Tumor-infiltrating T-lymphocytes (T-TIL) are putative mediators of tumor containment that exhibit unique specificity for autologous tumor cells. The magnitude of T-TIL response in biopsy specimens from patients with B-cell lymphoma has been suggested as an independent predictor of clinical outcome. Since recognition of tumor antigens may occur in association with major histocompatability complex (MHC) molecules, effective T-TIL tumor immunosurveillance may be limited by either failure to express MHC-encoded recognition structures and/or host T-cell immunocompetence. To further delineate T-cell immunoregulation in B-cell lymphoma, we assessed T-TIL fraction and tumor expression of invariant class I and class Il HLA determinants by immunohistochemistry in biopsy specimens. Two distinct clinical cohorts of B-cell lymphoma were investigated to delineate pathogenetic differences in T-TIL response. One group, representing immunodeficient and transplant-related lymphomas, comprised 18 patients with AIDS- or allograft-related lymphoma. The second group comprised 83 consecutive cases of sporadic diffuse large cell (DLCL) lymphoma. Median CD8 + T-TIL was significantly lower (4.9% versus 12.7%) among immunodeficiency-associated lymphoma and the frequency of cases with low (<6%) CD8+ T-TIL greater (76% versus 23%) (p < 0.0001). None of the immunodeficiency-associated lymphomas demonstrated non-polymorphic HLA loss. Absence of one or more class I or II HLA determinants was found in 13 out of 19 (68%) sporadic DLCL specimens with low CDS+ T-TIL, compared to 20% of cases with higher T-TIL fraction (p = 0.0004). These findings implicate impaired host immunosurveillance in deficient T-TIL response in immunodeficiency-associated B-cell lymphoma, whereas low T-TIL in sporadic cases of DLCL relates to tumor loss of HLA determinants. Strategies to modulate tumor HLA expression or augment antitumor response merit investigation in patients with B-cell lymphoma.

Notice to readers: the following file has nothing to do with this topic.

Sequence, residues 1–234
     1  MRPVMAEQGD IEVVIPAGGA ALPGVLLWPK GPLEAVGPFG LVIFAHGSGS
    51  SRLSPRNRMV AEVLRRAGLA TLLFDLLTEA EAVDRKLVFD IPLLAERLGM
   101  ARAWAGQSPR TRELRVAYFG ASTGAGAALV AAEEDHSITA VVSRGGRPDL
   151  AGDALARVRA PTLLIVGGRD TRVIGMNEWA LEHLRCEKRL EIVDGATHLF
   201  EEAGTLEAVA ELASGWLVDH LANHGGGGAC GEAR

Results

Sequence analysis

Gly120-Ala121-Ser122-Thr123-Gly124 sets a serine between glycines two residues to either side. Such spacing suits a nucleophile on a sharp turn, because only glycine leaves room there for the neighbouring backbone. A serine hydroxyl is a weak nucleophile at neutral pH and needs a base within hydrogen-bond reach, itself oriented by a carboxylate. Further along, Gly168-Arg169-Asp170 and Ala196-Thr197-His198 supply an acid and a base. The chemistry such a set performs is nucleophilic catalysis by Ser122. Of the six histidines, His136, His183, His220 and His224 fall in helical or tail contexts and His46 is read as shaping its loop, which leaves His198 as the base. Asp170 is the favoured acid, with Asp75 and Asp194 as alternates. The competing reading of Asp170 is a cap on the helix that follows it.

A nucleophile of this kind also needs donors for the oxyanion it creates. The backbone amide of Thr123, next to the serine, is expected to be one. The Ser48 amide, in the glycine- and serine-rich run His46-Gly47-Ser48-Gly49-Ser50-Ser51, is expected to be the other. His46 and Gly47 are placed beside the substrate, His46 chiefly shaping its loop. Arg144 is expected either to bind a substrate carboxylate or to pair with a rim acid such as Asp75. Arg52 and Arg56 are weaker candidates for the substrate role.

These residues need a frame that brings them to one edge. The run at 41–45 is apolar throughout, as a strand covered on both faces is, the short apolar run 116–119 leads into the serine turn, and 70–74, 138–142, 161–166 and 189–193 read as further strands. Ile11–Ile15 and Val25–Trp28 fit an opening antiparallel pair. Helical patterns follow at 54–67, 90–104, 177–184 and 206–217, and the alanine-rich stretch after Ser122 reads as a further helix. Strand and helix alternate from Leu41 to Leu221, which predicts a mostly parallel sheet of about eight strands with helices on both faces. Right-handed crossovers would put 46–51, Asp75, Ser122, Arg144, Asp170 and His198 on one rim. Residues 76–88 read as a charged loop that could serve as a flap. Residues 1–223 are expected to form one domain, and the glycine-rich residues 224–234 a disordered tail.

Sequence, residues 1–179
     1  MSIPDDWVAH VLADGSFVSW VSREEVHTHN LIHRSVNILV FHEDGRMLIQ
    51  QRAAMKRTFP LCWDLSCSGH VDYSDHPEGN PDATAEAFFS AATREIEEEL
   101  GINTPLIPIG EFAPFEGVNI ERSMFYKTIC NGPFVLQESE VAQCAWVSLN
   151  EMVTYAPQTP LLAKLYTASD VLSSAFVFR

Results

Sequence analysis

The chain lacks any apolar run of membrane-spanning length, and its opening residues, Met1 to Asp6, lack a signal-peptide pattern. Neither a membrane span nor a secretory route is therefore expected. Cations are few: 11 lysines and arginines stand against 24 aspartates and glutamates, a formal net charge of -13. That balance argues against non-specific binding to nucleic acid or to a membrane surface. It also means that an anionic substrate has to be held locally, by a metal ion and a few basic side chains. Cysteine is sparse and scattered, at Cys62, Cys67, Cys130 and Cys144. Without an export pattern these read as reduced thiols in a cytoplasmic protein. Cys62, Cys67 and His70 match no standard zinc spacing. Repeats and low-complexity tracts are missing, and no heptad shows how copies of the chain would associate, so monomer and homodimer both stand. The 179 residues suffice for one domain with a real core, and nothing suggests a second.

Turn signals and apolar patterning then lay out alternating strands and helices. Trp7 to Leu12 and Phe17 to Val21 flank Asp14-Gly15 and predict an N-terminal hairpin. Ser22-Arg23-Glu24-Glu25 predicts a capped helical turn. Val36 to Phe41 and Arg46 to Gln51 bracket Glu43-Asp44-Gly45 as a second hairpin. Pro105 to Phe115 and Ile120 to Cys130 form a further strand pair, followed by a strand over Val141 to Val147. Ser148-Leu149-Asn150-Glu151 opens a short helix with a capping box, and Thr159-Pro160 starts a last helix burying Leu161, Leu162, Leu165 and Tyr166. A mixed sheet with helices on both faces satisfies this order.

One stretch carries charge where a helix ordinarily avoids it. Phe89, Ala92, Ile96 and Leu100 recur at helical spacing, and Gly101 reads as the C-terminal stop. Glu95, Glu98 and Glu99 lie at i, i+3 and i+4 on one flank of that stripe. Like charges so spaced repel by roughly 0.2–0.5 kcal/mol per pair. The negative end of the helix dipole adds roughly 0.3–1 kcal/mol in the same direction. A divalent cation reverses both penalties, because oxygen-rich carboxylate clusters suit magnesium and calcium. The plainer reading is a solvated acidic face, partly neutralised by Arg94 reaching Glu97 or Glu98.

|Original language||English (US)|
|Number of pages||6|
|State||Published - Mar 1993|
ASJC Scopus subject areas
- Cancer Research